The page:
Besides, when you stay with the truth you don’t have to remember what you said! Most importantly, having embraced the truth, you will sleep well. When you can sleep in peace, you are truly blessed. Nothing else, believe me, matters!
Don’t suffer in silence thinking it is a very cruel world out there. It clearly is not.
Through her Facebook post last evening, a young friend wonders if sharing your story of pain and suffering, and making yourself vulnerable, is worth it. She fears that it could prove costly. Instead, she believes in suppressing her suffering and smiling in pain.
From our own experience, I would say, doing just the opposite can be very liberating. Wear your Life on your sleeve. Be vulnerable. And the compassion of the Universe will nurture you, protect you and take you along.
This learning forms the essence of my Book Fall Like A Rose Petal. Sharing this learning, and inspiring happiness by encouraging people to just be who they really are, has become our raison d’etre – for Vaani and me.
What we have learnt is that the world is full of compassionate, loving, helpful people. Someone, somewhere is always there to help us onward, to last one more day. Of course, there are those who will judge you. A few others may even dump you. And some more may just choose to avoid you. But they are a minority. A lot of people are really like you and me – caught in similar Life situations, trying to grapple with pain, trying to understand how to get rid of their suffering. So, this majority, believe me, understands, appreciates and is always willing to lend you a shoulder or give you a hand.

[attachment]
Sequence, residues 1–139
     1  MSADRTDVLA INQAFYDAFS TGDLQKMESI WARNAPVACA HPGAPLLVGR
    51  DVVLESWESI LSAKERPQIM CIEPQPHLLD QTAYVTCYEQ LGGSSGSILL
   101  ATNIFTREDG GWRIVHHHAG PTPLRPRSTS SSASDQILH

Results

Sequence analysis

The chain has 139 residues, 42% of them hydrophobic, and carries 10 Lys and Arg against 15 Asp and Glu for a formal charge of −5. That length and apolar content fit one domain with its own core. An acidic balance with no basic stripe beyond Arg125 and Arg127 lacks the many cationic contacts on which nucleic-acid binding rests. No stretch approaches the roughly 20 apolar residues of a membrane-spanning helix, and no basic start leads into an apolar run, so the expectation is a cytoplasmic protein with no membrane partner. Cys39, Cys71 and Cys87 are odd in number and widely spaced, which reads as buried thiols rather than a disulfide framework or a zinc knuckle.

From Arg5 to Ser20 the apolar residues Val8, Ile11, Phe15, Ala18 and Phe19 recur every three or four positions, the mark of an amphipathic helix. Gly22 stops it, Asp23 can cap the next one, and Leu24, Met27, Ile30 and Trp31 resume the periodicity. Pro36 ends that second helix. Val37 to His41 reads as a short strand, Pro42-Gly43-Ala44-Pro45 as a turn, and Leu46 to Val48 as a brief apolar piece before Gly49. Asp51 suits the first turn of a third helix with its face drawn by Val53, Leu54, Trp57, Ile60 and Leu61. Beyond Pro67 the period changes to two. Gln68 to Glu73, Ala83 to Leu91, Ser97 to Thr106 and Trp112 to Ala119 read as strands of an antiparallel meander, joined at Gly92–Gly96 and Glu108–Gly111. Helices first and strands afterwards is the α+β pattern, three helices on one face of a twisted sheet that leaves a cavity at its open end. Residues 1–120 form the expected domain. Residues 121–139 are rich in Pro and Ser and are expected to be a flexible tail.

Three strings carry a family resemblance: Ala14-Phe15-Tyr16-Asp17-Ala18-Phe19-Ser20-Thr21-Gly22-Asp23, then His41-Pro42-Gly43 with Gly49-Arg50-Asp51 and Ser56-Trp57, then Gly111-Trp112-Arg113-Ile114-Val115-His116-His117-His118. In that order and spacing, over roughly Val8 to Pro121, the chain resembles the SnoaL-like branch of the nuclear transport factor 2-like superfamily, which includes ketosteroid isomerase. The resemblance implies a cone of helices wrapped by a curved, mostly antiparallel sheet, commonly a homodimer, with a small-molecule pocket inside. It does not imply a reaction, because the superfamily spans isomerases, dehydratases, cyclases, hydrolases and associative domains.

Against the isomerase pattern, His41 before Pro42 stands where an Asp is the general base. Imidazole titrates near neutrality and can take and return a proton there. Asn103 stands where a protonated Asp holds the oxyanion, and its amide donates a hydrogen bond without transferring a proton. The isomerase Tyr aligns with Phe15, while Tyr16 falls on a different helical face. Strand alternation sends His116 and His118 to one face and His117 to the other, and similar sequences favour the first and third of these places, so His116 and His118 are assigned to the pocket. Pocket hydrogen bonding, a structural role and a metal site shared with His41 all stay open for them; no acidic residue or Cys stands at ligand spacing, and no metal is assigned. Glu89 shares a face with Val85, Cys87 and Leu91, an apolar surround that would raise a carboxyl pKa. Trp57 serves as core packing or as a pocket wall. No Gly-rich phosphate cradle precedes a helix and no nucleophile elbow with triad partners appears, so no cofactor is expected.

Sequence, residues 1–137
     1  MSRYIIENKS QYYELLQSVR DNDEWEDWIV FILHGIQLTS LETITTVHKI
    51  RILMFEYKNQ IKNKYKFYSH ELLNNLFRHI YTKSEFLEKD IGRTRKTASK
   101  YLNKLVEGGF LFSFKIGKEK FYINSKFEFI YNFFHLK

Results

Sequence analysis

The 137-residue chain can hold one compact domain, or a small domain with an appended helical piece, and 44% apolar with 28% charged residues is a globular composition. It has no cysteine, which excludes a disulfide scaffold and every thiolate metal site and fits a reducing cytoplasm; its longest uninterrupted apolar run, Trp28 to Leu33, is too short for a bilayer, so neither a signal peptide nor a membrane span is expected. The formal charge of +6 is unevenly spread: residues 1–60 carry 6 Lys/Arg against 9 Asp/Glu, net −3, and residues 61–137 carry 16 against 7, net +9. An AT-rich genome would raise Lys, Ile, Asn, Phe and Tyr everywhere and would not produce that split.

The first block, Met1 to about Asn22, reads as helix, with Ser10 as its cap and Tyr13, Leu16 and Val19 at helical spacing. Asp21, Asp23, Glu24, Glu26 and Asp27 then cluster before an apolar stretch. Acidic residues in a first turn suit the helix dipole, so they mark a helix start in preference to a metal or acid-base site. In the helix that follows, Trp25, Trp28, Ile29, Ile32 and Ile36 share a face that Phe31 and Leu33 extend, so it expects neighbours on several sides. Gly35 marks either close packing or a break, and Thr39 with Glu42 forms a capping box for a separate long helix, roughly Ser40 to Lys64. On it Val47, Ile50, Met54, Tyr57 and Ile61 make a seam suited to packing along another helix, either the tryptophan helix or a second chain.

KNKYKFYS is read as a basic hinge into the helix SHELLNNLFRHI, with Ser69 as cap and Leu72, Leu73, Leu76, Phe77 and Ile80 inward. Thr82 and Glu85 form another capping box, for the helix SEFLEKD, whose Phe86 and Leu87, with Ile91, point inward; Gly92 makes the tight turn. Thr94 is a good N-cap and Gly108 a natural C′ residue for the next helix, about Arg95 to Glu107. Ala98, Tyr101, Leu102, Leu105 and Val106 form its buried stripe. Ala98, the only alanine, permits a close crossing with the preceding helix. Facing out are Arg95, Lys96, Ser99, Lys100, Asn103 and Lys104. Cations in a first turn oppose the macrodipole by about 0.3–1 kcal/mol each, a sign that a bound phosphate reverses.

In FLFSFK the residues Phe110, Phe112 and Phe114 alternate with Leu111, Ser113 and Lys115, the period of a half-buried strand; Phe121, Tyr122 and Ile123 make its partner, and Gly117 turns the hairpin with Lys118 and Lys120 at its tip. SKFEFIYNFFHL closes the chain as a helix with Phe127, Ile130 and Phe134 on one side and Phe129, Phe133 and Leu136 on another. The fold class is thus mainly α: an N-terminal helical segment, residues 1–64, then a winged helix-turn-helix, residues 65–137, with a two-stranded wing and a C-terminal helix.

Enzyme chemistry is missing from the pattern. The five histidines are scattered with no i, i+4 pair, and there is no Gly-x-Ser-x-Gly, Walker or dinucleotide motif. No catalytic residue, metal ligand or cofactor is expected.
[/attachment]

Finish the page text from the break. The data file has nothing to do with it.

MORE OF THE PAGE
Even as I am writing this blogpost, we are working on a short film promoting our Life Coaching Program – Let’s Talk Happyness – which is being made at zero-budget. Because we seriously don’t even have money to cover our living expenses. But our financial handicap has not prevented us from pursuing the idea with two young film-makers who we met recently. When we told them our story, they spontaneously offered to do this film. A friend offered us the venue. And another friend is offering us her studio for dubbing. All of this pro bono. Nobody is judging us. Nobody is doing this out of sympathy either. Everyone is doing this because they know what Life is and what it means to be caught in a tight spot and be vulnerable. They empathize – truly!
We must understand three things about Life in order to appreciate that being vulnerable is not wrong, and certainly not dangerous; it, in fact, is a very normal, logical, intelligent, thing to do. 1. Pain is inevitable. You clearly cannot control what happens to you in Life. And some of what happens will always cause you pain. 2. But you suffer from pain only because you wish that the pain were not there in the first place. For instance, a headache never causes suffering. A headache is just painful. It is your desire, your want, that the headache must not be there that causes your suffering. Therefore, suffering is a human creation; it is optional, it is avoidable. 3. Whatever you suppress, or resist, will persist. Suppressing suffering and smiling in pain is just martyrdom. By doing that, you are only multiplying your suffering.